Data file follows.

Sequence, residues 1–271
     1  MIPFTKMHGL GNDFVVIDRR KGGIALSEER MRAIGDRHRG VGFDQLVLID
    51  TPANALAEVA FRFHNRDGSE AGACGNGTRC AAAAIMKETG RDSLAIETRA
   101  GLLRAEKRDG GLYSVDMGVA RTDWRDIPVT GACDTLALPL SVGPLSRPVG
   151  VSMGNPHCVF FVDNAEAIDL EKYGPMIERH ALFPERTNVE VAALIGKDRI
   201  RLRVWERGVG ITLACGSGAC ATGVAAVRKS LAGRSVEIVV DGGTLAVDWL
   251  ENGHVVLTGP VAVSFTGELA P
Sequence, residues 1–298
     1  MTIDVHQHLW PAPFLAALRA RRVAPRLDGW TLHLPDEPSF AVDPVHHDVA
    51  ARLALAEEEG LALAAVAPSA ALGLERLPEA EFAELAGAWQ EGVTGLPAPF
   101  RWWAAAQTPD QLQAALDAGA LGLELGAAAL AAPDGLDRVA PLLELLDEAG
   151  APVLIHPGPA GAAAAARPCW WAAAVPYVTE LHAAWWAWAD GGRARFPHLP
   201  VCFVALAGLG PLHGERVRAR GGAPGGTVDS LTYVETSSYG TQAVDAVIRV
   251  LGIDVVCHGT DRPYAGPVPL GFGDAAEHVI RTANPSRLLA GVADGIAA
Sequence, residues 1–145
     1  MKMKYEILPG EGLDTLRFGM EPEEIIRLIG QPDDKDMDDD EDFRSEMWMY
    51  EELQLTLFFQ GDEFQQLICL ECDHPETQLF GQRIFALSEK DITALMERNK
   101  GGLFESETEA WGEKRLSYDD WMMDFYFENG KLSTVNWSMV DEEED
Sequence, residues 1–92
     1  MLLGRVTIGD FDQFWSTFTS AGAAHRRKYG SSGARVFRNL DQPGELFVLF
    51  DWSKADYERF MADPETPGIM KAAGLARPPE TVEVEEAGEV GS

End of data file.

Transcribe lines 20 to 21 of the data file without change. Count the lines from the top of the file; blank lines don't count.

     1  MLLGRVTIGD FDQFWSTFTS AGAAHRRKYG SSGARVFRNL DQPGELFVLF
    51  DWSKADYERF MADPETPGIM KAAGLARPPE TVEVEEAGEV GS